Stock: Same

Jordan Leggett, TE, Senior, #16: Leggett was an active piece of the receiving game; making to impressive receptions throughout the course of the game. The first was a sliding corner route which placed Clemson inside the five; Watson climbed the ladder and fired low to Leggett who did well to dig the ball out of the dirt. (Clemson later fumbled on the possession). The second reception was between the hashes and again set Clemson up on the goal line (they would score this time); Leggett wrestled the football away from a defender and used his body to box out and finish the catch. He was guilty of a holding call; but Leggett is not going to regularly be a contributor as a blocker anyway. He’s a bit clunky trying to handle heavier handed defenders and will struggle to win at the point of attack. Overall, more of what we’ve seen plenty of from him.

Stock: Same

Wayne Gallman, RB, Junior, #9: Gallman was unfortunately knocked from this contest early on a large gain. NC State DB Dravious Wright sliced in from the side and caught Gallman on the facemask, knocking him out and jarring loose the football. It has since been announced that Gallman has entered the concussion protocol and it is likely we do not see him for a week or so. Hopefully that is the extent of the time he is forced to miss and can be out making plays again soon.

Stock: Same

Clemson Defense

Carlos Watkins, NT, Senior, #94: Watkins had a very nice game for the Tigers. He produced a handful of pressures in various ways; including collapsing the pocket and taking advantage of a protection gaffe. On the latter he showed impressive acceleration for a man of his size to close in on the Quarterback. Watkins was consistent in his efforts resetting the LOS; which made more work for Wolfpack runners to pick and choose their way through the line. Watkins is a bit of a one-dimensional player; I’m not certain he’s going to be a three down contributor. But this game was a strong showing in what he can do well and that role is going to have a value at the next level, even if it’s one I wouldn’t covet particularly early in the draft.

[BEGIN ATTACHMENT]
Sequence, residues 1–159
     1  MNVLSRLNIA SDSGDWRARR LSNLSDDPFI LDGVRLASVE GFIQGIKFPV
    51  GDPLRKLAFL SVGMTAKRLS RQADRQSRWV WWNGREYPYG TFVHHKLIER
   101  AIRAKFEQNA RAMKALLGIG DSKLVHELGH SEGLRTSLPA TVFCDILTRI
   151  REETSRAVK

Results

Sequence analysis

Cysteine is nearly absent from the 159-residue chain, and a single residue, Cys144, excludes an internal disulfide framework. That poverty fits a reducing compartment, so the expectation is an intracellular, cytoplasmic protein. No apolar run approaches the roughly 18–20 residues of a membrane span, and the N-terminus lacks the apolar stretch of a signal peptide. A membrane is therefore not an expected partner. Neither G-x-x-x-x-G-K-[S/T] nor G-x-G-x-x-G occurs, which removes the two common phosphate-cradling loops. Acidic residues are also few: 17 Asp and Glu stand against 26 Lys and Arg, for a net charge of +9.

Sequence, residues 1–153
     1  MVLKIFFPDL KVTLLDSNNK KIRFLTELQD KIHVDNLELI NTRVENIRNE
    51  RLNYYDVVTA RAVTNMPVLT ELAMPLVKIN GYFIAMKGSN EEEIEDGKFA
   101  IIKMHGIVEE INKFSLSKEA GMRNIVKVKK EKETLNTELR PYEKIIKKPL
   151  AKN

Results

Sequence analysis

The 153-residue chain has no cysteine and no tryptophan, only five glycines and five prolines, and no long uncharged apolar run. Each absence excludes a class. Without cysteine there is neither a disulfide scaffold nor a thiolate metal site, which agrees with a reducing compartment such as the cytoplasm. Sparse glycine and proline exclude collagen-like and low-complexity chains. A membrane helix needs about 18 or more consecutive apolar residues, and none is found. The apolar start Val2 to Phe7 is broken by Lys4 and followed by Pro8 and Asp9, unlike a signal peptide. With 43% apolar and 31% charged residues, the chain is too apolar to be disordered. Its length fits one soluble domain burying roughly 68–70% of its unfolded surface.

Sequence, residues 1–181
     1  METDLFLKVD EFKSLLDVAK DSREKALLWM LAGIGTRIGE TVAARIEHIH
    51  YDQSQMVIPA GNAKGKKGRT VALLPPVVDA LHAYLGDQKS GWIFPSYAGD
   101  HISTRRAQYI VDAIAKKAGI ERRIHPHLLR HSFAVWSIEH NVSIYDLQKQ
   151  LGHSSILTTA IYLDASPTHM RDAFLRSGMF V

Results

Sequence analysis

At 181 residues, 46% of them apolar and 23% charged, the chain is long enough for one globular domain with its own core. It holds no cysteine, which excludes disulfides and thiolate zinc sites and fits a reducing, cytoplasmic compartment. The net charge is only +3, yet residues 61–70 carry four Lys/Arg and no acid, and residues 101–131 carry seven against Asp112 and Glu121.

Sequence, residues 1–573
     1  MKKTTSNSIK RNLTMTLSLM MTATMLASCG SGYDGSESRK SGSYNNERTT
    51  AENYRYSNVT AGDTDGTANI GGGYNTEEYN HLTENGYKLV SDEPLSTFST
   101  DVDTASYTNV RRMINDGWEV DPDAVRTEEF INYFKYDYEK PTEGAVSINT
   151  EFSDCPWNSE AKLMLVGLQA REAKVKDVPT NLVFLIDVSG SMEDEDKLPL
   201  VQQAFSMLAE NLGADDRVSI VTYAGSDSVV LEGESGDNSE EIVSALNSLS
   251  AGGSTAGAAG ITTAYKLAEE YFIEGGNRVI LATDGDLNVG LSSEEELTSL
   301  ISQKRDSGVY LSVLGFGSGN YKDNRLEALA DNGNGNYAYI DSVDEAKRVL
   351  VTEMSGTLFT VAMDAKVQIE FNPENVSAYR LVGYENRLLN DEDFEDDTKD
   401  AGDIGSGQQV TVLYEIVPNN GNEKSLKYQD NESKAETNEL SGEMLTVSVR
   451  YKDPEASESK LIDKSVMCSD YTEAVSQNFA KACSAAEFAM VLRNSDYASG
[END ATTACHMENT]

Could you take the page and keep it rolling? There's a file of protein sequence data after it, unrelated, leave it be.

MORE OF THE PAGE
Stock: Up

Ben Boulware, OB LB, Senior, #10: Boulware spent a majority of this game struggling to align tackle attempts and come to balance. He simply lacks the lateral mobility to challenge in short areas once he’s come to a standstill position. Boulware deserves credit for playing a relentless brand of football. He flies around and his second and third efforts will get him into plays most others wouldn’t sniff. But he’s a physically limited player and struggles far too much in space for my liking. Boulware would be well served to see if dropping some of his size wouldn’t yield some marginally better results in movement skills; he’s going to need help in that department if he is to stick at the next level. Currently projects best as a 3-4 thumper and two down gap plugger.

Stock: Down

Cordrea Tankersley, CB, Senior, #25: Tankersley was a terror at the top of route steps all day for the Tigers. His physicality and length were notable; as receivers tried to bump him off of routes but the length present prevented any separation from being established. Tankersley also did well playing into the LOS as an alley defender; overall this was one of his better games (or at least more visible games from a television broadcast standpoint).

Stock: Up

Best Players on the Field:

Mike Williams, WR; Deshaun Watson, QB

Forgettable Performances:

Ben Boulware, LB

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Kyle Crabbs

Kyle Crabbs is the founder/Director of Scouting of NDT Scouting Services, a member of the Football Writers Association of America (FWAA) and the lead NFL Draft analyst for the FanRag Sports Network.